Revellers in the UK will need to prove that they are fully vaccinated against COVID-19 in order to access nightclubs and other crowded venues, the country’s vaccines minister has announced.
Speaking in the House of Commons, Nadhim Zahawi said that a negative PCR test would no longer suffice in order to prove that one was COVID-safe.
England’s nightclubs were today allowed to open for the first time since March 2020, with Zahaw saying the government would be keeping a close watch on how the country’s COVID-19 certificate system would be working.
“By the end of September everyone aged 18 and over will have the chance to receive full vaccination, and the additional two weeks for that protection to really take hold.
“So, at that point, we plan to make full vaccination a condition of entry to nightclubs and other venues where large crowds gather,” Zahaw said.
He warned the younger generations that “some of life’s most important pleasures and opportunities are likely to be increasingly dependent on vaccination”.
“There are already countries that require you to be double-jabbed as a condition of quarantine free travel, and that list seems likely to grow,” he added.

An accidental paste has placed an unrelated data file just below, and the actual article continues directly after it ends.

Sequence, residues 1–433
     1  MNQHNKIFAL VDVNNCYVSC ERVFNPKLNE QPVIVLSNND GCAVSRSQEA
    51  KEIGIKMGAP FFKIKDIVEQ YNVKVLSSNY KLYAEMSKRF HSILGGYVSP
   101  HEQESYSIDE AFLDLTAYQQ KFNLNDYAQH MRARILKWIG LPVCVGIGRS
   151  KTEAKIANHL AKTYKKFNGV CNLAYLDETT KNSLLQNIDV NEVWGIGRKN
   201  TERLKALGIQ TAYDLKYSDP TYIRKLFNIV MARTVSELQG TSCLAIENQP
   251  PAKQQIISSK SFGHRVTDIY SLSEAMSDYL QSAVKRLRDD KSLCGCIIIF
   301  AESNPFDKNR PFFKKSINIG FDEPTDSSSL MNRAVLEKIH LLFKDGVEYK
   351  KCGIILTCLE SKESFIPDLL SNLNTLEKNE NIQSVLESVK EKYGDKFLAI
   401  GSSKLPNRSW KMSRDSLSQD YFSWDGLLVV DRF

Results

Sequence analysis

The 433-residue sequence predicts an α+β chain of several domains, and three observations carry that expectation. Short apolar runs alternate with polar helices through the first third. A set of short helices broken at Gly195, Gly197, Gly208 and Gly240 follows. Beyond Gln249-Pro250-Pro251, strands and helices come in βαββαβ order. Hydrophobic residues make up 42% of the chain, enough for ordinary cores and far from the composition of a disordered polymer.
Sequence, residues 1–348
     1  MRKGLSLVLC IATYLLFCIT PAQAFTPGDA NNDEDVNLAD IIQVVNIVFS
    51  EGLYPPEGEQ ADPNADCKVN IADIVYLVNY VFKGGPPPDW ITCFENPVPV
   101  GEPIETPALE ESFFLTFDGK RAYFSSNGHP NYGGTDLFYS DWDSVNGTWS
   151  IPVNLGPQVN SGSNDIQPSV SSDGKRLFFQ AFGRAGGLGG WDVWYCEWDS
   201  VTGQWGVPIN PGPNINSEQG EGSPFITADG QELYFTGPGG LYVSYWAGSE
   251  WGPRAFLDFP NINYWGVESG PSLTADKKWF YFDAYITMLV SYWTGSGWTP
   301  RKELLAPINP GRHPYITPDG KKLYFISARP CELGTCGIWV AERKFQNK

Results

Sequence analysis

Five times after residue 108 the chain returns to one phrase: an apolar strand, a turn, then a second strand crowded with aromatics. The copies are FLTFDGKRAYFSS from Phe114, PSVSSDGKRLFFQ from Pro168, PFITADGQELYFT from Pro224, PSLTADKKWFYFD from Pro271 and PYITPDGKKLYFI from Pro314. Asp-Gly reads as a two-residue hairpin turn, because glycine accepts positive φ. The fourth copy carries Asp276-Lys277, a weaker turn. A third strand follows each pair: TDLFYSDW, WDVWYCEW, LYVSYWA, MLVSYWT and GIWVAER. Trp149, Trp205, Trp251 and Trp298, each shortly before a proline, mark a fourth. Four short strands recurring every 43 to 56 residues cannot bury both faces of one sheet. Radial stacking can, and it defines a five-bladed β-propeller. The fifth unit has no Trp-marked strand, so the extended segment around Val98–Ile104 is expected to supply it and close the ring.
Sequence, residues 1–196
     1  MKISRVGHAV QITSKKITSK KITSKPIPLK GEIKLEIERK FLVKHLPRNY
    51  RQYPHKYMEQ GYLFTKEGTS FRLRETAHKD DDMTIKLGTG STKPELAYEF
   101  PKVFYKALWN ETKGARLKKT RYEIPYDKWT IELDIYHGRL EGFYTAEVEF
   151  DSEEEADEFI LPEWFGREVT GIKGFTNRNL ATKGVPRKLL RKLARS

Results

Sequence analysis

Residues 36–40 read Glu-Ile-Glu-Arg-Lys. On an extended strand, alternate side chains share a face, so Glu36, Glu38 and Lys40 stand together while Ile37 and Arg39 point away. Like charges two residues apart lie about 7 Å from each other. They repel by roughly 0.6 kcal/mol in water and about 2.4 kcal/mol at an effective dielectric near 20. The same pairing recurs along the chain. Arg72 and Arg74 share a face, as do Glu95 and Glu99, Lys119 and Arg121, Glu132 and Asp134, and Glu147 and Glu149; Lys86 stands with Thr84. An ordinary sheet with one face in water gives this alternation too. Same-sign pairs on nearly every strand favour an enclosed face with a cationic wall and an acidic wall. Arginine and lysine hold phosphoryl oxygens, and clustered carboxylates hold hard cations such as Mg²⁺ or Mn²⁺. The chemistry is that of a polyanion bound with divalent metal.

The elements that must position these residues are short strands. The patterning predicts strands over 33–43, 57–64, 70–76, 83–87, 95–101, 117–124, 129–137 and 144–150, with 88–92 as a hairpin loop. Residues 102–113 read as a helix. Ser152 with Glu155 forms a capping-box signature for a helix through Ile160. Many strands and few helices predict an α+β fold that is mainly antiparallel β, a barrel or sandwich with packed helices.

Malta is one such country. From last week, quarantine-free travel to the country is no longer possible for those without a vaccine certificate.
The government’s intention was originally to ban all those without a vaccine but it backtracked when faced with harsh criticism, including from the European Commission, which described Malta’s intentions as discriminatory.
The opening of Malta’s culture and entertainment sector has been a controversial topic as the country has opened up from a semi-lockdown period between March and June.
As things stand, standing events are not permitted and it is only seated events with a maximum of 300 guests, and not more than one person per four square metres are allowed.
Entry to such events will also require attendees to present a COVID-19 vaccine certificate.
Do you agree with limiting nightclub attendance to vaccinated people?